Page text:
Also, the fingers of each hand can play separate independent rhythmic patterns, and these can easily cross over each other from treble to bass and back, either smoothly or with varying amounts of syncopation. This can all be done within the same tight tonal range, without the left and right hand fingers ever physically encountering each other.
This characteristically African structure allows often simple playing techniques to combine with each other to produce polyrhythmic music. Although not as common, use of systemic cross-rhythm is also found in jazz. In , Mongo Santamaria recorded " Afro Blue ", the first jazz standard built upon a typical African cross-rhythm two cycles of The following example shows the original ostinato "Afro Blue" bass line.
The cross noteheads indicate the main beats. This swung 3 4 is perhaps the most common example of overt cross-rhythm in jazz. In popular music[ edit ] Nigerian percussion master Babatunde Olatunji arrived on the American music scene in with his album Drums of Passion , which was a collection of traditional Nigerian music for percussion and chanting.
The album stayed on the charts for two years and had a profound impact on jazz and American popular music. Olatunji reached his greatest popularity during the height of the Black Arts Movement of the s and s. Afro-Cuban music makes extensive use of polyrhythms. Cuban Rumba uses 3-based and 2-based rhythms at the same time, for example, the lead drummer playing the quinto might play in 6 8, while the rest of the ensemble keeps playing 2 2.
Another form of polyrhythmic music is south Indian classical Carnatic music. A kind of rhythmic solfege called konnakol is used as a tool to construct highly complex polyrhythms and to divide each beat of a pulse into various subdivisions, with the emphasised beat shifting from beat cycle to beat cycle.
Common polyrhythms found in jazz are , which manifests as the quarter-note triplet; , usually in the form of dotted-quarter notes against quarter notes; , played as dotted-eighth notes against quarter notes this one demands some technical proficiency to perform accurately, and was not at all common in jazz before Tony Williams used it when playing with Miles Davis ; and finally 3 4 time against 4 Frank Zappa , especially towards the end of his career, experimented with complex polyrhythms, such as , and even nested polyrhythms see " The Black Page " for an example.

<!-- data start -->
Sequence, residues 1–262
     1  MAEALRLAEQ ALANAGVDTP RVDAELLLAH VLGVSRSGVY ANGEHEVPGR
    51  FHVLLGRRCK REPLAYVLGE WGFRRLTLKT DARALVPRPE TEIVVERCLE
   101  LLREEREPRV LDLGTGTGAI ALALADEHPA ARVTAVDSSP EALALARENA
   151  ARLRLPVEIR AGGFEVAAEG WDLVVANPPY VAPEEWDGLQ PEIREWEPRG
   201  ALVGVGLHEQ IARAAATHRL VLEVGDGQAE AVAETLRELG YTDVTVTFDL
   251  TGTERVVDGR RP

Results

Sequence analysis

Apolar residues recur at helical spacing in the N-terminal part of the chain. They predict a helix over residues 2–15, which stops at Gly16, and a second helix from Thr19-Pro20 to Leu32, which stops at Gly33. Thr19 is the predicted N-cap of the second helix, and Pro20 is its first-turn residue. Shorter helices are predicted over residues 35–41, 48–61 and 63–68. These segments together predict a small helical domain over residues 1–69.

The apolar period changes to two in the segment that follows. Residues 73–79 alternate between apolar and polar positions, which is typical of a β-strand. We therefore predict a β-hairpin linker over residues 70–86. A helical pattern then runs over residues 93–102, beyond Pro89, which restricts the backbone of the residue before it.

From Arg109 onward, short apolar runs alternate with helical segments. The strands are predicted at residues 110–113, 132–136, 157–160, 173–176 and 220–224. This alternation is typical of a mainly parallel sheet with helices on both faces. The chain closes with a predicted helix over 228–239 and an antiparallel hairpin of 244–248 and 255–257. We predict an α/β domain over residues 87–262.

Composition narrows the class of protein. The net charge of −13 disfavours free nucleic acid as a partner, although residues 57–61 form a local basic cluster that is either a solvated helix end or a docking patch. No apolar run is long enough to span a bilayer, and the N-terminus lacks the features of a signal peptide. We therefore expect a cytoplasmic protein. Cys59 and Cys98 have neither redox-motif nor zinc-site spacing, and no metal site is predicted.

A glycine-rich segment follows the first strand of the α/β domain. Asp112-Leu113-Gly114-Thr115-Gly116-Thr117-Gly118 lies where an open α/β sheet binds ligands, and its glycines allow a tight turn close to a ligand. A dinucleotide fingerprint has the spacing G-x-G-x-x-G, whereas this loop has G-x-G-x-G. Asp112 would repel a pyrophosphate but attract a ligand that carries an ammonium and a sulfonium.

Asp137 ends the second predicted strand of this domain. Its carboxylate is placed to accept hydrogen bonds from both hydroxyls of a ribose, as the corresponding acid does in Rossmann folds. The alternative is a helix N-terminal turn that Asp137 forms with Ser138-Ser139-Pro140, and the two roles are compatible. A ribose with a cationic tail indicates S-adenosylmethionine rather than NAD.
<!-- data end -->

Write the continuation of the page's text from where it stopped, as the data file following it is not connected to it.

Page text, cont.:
Five For Barbara: Has the polyrhythmic theme of 5 over 4. The Modulator: The beginning tempo modulates to two times faster and then modulates back to two times slower. Seventy Fourth Ave: Has the polyrhythmic theme of 7 over 4. Samba de Rollins: Includes a drum solo based on 3 over 4. Midnight Bolero: In 3 4, has a continuous interlude of 2 over 3 and then 4 over 3.
King Crimson used polyrhythms extensively in their album Discipline. The band Queen used polyrhythm in their song " The March of the Black Queen " with 8 8 and 12 8 time signatures.
One notable appearance is in the song "La Mer" from the album The Fragile. The piano holds a 3 4 riff while the drums and bass back it with a standard 4 4 signature. This song indeed does use polyrhythms in its melody. Japanese girl group Perfume made use of the technique in their single, appropriately titled " Polyrhythm ", included on their second album Game. The bridge of the song incorporates 5 8, 6 8 in the vocals, common time 4 4 and 3 2 in the drums. The Aaliyah song "Quit Hatin" uses 9 8 against 4 4 in the chorus.
The Japanese idol group makes use of polyrhythm in a number of their songs, most notably on their mini-album " Love Letter ", which features five songs that all include several rhythmic references to the number It is in bad form to teach a student to play polyrhythms as simply quarter note, eighth note, eighth note, quarter note.
The proper way is to establish sound bases for both the quarter-notes, and the triplet-quarters, and then to layer them upon each other, forming multiple rhythms. Beats are indicated with an X; rests are indicated with a blank.
Peter Magadini’s Polyrhythmic Life
The possibilities of two against three, three against four, and beyond are continually explored in jazz, rock, and other styles. For many a drummer across different genres, discussing polyrhythms often brings to mind Peter Magadini. Polyrhythms for the Drumset followed his first foray into the subject, then came the Jazz Drums DVD and two Learn to Play the Drumset instructional books; the latter have been reorganized and expanded as a complete text in the recently released All in One: Learn to Play the Drumset. Like so many players, Magadini began drumming as a student. Goals are different for different people, and I enjoy seeing people being creative at a musical instrument. One thing teaching does for me is keep my playing young.
Books / DVDs
Like so many players, Magadini began drumming as a student. Both volumes deal with polymeters and polyrhythmsand are presented, in a step-by-step manner, through exercises and etudes that progress from easy to difficult. While publishing his now classic book, Magadini continued teaching and playing. One person found this helpful. Then, when Magadini recorded his album Polyrhythm inDuke, by now with Frank Zappa, brought those keyboards along. He also has right the idea of how to thoroughly teach polyrhythmic abilities, and magadkni rhythmic dexterity.